The Penon Sphere comes in a medium sized box, whose dimensions are 130x102x59mm. Their colours are blue and red/orange. On the front side you can read Penon in the centre, next to their logo, in gold ink, on a blue background. On the back is a short presentation of the brand, as well as the model specifications and the company’s contact details. All this, in white ink, also on a blue background. On one side, on the short side, there is a realistic photo of the capsules. After opening the box by lifting it upwards, you can see a blue case, made of imitation leather, with a golden zip. It is almost rectangular, its corners are rounded, it has a good height and in its centre is the logo and brand name in gold lettering. It is encased in dense black foam rubber. Underneath is a brown pouch, also in imitation leather, but sturdier. It has a clip and closes like an envelope. Inside the pouch are all the accessories. In brief, they are as follows:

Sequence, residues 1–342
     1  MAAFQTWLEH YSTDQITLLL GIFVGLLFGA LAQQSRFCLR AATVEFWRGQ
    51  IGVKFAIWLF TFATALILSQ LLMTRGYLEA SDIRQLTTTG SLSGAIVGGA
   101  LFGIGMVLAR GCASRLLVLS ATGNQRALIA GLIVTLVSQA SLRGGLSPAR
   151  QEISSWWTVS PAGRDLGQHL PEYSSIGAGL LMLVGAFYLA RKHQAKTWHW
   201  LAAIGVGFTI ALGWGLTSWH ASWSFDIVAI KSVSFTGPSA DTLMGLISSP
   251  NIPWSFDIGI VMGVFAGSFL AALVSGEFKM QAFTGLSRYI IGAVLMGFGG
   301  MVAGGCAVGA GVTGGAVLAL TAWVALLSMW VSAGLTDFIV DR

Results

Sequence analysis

• The two Penon Sphere capsules.
  • One 4-strand black braided cable, with 3.5mm SE jack plug and 2Pin 0.78mm interface.
  • Three pairs of white silicone tips, sizes SxMxL, wide channel.
  • Three pairs of black silicone tips, blue core, sizes SxMxL, medium channel.
  • One pair of foam tips, size medium/large.
  • Metal clothes pin.
  • Cleaning brush/fork tool.
  • Blue leather case with zip.
  • Brown leather pouch with clip.